The default view at the Pentagon is that Kurdish autonomy would create chaos in Iraq, threatening the country’s territorial autonomy. Iraq’s sectarian Shia government is now an ally of Iran, with Iranian-led Iraqi militias deployed in Syria. A little chaos in Iraq would strengthen America’s hand at the expense of Iran.
For Washington, the path of least resistance was to use the Kurds to fend off ISIS and then hang them out to dry. That left the Kurds with no other choice but to turn to the Assad government and its Russian backers. As a result, Russia is now the key ally both of the Assad government and the Kurdish militias that the U.S. envisioned as its boots on the ground in the region.
Israel, America’s only real ally in the region, realized the consequences immediately. Prime Minister Benjamin Netanyahu’s deputy minister for public diplomacy, Michael Oren, told Bloomberg News on February 12: “The American part of the equation is to back us up,” but the U.S. “has almost no leverage on the ground. America did not ante up in Syria. It’s not in the game.” Two days earlier, an Israeli F-16 was shot down by an anti-aircraft missile over Syria. Most reports claim that a Syrian anti-aircraft battery firing a Cold War era A-7 Russian missile downed the plane, but there are also unconfirmed reports that a Russian crew fired at it with a Russian S-200 missile. If that is true, Russia presumably wanted to let the Israelis know who was in charge of the Syrian skies.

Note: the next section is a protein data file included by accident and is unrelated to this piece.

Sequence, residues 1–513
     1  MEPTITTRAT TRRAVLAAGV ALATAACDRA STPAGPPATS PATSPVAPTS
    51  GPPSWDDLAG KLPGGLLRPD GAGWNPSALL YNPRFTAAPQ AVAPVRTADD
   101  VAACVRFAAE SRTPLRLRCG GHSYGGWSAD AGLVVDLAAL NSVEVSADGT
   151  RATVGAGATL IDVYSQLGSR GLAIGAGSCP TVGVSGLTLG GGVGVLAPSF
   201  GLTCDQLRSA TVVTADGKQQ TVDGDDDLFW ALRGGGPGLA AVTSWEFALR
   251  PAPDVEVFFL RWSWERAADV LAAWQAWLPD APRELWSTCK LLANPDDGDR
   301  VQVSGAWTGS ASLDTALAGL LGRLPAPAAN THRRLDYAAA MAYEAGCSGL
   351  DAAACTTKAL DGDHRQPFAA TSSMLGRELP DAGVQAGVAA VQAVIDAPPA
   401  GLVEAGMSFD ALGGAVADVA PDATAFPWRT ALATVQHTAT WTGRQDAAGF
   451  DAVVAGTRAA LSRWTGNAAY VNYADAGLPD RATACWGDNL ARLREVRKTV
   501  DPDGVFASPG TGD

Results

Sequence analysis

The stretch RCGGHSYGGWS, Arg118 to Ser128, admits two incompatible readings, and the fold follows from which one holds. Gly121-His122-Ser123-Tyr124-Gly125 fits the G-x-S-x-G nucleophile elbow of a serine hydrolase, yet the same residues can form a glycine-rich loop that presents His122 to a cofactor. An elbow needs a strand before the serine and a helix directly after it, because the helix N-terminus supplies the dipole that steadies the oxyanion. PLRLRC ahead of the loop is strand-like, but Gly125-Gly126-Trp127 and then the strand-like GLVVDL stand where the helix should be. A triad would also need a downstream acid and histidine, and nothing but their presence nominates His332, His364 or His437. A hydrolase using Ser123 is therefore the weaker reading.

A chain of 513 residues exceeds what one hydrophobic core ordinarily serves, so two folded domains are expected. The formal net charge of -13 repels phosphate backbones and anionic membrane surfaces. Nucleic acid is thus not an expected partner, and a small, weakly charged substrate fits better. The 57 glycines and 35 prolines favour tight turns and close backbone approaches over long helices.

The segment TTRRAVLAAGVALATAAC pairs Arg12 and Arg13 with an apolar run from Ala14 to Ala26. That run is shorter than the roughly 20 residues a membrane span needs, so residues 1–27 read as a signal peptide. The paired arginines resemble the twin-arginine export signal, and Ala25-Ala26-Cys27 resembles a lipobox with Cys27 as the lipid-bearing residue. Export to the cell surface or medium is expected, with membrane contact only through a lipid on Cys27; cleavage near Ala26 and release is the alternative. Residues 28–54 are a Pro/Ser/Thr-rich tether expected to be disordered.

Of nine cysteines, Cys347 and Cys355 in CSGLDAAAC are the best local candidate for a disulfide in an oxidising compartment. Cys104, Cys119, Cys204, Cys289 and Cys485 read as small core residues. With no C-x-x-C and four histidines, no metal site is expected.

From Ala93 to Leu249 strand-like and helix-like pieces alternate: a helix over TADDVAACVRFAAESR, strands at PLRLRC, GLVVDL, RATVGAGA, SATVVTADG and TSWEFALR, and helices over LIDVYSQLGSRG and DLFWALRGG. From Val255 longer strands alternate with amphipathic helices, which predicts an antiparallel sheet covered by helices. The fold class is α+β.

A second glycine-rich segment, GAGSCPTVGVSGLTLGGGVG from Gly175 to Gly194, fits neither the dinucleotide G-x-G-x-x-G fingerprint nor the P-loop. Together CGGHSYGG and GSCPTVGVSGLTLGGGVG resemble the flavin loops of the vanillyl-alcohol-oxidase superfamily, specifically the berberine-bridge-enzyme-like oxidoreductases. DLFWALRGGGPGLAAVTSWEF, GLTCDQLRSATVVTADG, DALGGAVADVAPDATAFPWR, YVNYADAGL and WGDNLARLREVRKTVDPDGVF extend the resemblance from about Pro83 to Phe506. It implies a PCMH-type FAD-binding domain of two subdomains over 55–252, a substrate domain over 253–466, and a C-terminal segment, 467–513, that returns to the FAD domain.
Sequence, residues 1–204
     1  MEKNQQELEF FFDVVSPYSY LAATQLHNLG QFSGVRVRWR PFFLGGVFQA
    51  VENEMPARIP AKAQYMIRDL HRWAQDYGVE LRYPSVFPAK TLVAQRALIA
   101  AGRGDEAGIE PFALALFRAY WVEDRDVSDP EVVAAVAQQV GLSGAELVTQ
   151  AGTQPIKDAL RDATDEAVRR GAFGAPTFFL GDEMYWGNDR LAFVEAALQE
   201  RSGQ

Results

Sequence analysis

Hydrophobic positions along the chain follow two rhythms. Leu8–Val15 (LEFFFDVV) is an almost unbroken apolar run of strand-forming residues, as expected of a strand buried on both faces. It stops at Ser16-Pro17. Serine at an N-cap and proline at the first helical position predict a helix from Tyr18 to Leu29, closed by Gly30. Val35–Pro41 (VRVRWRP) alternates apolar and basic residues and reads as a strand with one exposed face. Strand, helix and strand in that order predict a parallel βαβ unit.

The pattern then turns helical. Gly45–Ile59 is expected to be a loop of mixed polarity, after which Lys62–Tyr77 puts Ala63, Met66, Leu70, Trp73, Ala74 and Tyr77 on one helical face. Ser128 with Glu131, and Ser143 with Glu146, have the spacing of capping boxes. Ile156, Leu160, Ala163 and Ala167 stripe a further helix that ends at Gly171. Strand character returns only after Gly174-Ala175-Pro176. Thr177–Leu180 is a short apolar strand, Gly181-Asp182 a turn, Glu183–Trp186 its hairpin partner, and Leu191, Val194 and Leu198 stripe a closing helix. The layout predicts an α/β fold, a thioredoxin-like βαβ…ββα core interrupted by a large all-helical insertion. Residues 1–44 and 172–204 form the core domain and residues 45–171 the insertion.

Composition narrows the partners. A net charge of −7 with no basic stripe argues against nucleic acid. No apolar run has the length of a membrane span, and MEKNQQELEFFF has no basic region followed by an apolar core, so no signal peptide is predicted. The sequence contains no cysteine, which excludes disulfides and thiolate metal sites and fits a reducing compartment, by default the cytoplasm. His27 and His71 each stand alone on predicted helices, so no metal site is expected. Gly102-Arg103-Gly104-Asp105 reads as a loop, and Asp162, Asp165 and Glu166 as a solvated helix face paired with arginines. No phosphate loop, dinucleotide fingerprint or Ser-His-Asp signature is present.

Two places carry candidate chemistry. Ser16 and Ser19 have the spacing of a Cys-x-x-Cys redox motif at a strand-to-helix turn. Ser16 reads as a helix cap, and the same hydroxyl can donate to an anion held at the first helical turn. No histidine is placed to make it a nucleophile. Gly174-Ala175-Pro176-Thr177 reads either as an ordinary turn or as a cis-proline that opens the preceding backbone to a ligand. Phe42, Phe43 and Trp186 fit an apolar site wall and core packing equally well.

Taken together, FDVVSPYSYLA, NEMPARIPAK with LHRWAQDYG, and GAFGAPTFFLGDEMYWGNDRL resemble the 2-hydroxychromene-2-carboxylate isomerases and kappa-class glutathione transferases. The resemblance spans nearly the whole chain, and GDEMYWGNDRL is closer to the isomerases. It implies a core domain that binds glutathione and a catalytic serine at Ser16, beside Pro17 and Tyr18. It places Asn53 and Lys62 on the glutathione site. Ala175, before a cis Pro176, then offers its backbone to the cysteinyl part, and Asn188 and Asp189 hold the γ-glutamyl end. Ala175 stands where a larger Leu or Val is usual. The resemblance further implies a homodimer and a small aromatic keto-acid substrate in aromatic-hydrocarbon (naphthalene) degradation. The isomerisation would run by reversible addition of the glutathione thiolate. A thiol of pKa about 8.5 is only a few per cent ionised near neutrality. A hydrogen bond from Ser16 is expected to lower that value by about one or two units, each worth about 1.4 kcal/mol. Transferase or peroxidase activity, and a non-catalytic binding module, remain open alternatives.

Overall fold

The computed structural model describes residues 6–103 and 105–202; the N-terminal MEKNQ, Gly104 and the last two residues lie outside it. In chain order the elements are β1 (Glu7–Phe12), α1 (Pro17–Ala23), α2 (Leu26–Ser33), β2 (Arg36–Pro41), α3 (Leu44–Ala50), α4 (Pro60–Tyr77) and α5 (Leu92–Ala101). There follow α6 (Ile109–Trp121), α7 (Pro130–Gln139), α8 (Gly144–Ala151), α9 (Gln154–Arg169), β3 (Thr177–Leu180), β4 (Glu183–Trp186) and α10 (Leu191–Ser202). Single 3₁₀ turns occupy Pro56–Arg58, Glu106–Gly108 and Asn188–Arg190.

Israel’s diplomacy with Russia appears to have borne results. On February 20, Russia Today reported the TASS news agency quoting Foreign Minister Sergey Lavrov as saying (on February 19): “Russia condemns Tehran’s remarks that Israel should be wiped off the map and also believes that solving any regional problems should not be viewed through the prism of a conflict with Iran.” According to the RT report: “He made the statement at the opening of the Valdai International Discussion Club’s conference ‘Russia in the Middle East: Playing on All Fields,’ adding that tensions between Israel and Iran are escalating and there are historical reasons for that.”
Russia does not want an Israeli-Iranian war, but it does want to be the regional power that keeps the two parties from fighting. Israel evidently is beholden to Moscow after the Afrin debacle, which left the United States with no ante in Syria, as Ambassador Oren put it. The projected Kurdish Border Protection Force was the last American piece on the Syrian chessboard, and Washington abandoned it. It is hard to see what sort of leverage the United States can acquire now.
“Americans play Monopoly, Russians chess,” was the title of an essay I published ten years ago in this space. For the U.S. administration, American assets in the region are like hotels on the Monopoly board, to be protected individually and piecemeal. No unified strategy ranks their relative importance or gauges whether they might be sacrificed for a larger goal. Russia views its assets as pieces on a chessboard whose only function is to contribute to the single goal of winning the game. They can be sacrificed ruthlessly when circumstances require it. Washington has no strategy — that is, no envisioned end state — for Turkey, Syria, or Iran. And if you don’t know where you’re going, any road will get you there.